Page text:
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Football’s two national bodies have cautiously welcomed the federal government’s pledge to spend $200 million on upgrading sporting facilities for women and girls, but Football Australia and the Australian Professional Leagues say more will be needed to underpin the future of the game.
Prime Minister Anthony Albanese launched the “Play Our Way” grants program on Saturday, citing the Matildas’ stunning World Cup campaign as the catalyst, and FA predicts it will lead to a 20 per cent surge in participation for what is already the country’s most popular team sport.
Guidelines for the scheme, which will begin early next year, are being formulated, and a four-person panel – including former Matilda Tal Karp, basketball legend Lauren Jackson, netball icon Liz Ellis and Paralympic gold medallist Madison de Rozario – will help steer the funding into areas where it is most needed.
While the program is open to all sports, the government said football would need “significant resourcing” on the back of the Women’s World Cup – although how much of the $200 million will be reserved for a game that has been chronically underfunded for decades, and is already unable to match the surging demand for participation due to facilities shortfalls, remains to be seen.
Former Socceroo Craig Foster echoed the thoughts of many football fans by tweeting: “Nowhere near enough. Nor targeted to football. Come on @AlboMP. Get serious. Now is your chance to elevate the country through the multicultural game.”
Regardless, FA chief executive James Johnson said the government’s commitment would help break down barriers faced by women and girls in grassroots participation.
The Matildas’ remarkable run to the World Cup semi-finals has helped secure funding for women’s sport, but much more is needed, say the sport’s peak governing bodies.Credit: Getty
“Over the past four weeks we have seen football unite the nation … football in Australia has been fundamentally changed and the expected surge in demand, particularly in female football, has underlined the importance of prioritising community infrastructure as a long-term strategic objective for the entire nation,” he said.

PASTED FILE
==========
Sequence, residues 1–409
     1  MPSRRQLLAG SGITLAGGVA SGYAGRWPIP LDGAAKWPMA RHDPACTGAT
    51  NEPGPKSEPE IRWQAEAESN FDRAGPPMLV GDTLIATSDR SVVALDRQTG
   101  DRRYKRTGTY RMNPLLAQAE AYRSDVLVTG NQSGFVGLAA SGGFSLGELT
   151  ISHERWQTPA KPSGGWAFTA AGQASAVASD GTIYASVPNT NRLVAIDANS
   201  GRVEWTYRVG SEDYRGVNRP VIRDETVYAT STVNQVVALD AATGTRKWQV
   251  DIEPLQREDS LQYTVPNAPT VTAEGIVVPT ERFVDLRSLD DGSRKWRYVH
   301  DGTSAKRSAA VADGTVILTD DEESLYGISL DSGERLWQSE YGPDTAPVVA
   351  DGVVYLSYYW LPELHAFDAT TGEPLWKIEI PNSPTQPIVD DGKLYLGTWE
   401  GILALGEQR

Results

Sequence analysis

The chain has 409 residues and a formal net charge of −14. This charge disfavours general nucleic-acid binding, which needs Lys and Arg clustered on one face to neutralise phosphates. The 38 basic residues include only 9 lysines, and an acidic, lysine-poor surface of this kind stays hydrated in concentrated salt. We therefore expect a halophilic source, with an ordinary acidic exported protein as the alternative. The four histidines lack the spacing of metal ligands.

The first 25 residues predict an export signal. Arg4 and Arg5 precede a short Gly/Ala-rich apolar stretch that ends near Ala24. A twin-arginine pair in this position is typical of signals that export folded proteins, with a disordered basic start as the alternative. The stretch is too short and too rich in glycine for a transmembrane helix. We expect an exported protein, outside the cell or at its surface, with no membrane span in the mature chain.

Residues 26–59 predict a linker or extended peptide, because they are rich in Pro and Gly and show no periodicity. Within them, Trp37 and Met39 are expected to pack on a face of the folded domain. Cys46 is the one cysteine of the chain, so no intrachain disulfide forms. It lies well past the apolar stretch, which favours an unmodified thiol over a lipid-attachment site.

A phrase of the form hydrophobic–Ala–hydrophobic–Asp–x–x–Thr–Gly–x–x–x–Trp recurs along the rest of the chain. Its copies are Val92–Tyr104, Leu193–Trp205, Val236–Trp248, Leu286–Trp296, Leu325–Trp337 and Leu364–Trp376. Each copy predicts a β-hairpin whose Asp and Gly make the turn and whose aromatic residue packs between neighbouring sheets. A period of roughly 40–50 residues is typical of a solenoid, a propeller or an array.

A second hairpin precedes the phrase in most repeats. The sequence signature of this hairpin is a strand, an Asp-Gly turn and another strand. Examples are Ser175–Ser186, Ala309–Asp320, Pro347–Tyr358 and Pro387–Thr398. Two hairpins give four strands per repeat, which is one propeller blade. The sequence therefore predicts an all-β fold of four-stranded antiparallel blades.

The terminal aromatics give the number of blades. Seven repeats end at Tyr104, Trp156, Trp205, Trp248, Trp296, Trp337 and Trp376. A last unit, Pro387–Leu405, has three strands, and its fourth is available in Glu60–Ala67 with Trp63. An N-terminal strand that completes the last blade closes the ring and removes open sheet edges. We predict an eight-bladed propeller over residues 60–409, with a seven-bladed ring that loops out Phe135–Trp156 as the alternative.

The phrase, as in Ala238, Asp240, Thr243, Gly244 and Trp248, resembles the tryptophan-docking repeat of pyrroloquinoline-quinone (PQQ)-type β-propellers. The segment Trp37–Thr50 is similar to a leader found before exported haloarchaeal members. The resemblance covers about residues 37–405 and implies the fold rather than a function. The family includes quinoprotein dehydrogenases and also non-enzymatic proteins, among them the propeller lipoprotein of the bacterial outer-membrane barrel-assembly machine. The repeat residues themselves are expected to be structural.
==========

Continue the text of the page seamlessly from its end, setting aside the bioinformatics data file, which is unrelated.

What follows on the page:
But Johnson, who has previously been critical of the national high-performance funding system, which prioritises sports in which Australia is deemed to be in Olympic medal contention, said FA was seeking further money to improve all national team programs, predominantly the Matildas and Socceroos.
“FIFA World Cups, our Socceroos and Matildas inspire all Australians more than any other major sporting event – it is clear they need to finally be recognised in Australia’s high-performance sport funding framework,” he said.
Sources say FA is increasingly confident that the NSW government will soon commit to funding a long-desired “home of football” in Sydney, which would house the federation’s offices, a national football museum and serve as a training base for the national teams.
Prime Minister Anthony Albanese has launched a $200 million sporting facilities fund.Credit: Alex Ellinghausen
The APL, meanwhile also described the announcement as a positive step, but chief executive Danny Townsend said it was a “major concern” that the A-League Women, the domestic league that plays a vital role in the development of Matildas players, was left out.
The APL has made an ambitious pitch for $12 million in funding to be spent on improving ALW broadcasting, subsidising recent expansion, marquee fixtures and players, and community engagement, which club owners have pledged to match almost dollar for dollar.
That amount, Townsend said, is just 5 per cent of the $240 million the federal government has committed to a new stadium in Tasmania for a new AFL team.
“Right now, there is no investment return for women’s football and the current private sector investment model is unsustainable,” he said.
“Player development is funded at a loss. Broadcast production is funded at a loss. Match days are funded at a loss. We simply ask the government to match our investment to help underpin the future of the game.
“The girls that play in these facilities dream of playing professionally, of making football a career, of representing their country and of inspiring the next generation. Without sustainable funding, that is not going to be possible … [it] would benefit hundreds of female players, thousands of girls and millions of Australians who have seen what is possible through football this month.”
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